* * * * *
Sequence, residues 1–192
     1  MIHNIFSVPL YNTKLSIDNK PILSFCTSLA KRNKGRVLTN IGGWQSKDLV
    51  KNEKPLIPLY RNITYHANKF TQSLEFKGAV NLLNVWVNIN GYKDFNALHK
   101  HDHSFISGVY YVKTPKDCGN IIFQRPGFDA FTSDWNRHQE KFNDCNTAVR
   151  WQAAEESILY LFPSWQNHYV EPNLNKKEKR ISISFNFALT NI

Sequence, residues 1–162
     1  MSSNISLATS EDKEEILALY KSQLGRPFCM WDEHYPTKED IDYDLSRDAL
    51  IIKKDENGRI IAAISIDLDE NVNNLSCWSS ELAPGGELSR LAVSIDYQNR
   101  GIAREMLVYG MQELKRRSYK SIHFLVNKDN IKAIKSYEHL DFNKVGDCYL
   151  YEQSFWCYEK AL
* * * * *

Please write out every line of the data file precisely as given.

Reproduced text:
Sequence, residues 1–192
     1  MIHNIFSVPL YNTKLSIDNK PILSFCTSLA KRNKGRVLTN IGGWQSKDLV
    51  KNEKPLIPLY RNITYHANKF TQSLEFKGAV NLLNVWVNIN GYKDFNALHK
   101  HDHSFISGVY YVKTPKDCGN IIFQRPGFDA FTSDWNRHQE KFNDCNTAVR
   151  WQAAEESILY LFPSWQNHYV EPNLNKKEKR ISISFNFALT NI

Sequence, residues 1–162
     1  MSSNISLATS EDKEEILALY KSQLGRPFCM WDEHYPTKED IDYDLSRDAL
    51  IIKKDENGRI IAAISIDLDE NVNNLSCWSS ELAPGGELSR LAVSIDYQNR
   101  GIAREMLVYG MQELKRRSYK SIHFLVNKDN IKAIKSYEHL DFNKVGDCYL
   151  YEQSFWCYEK AL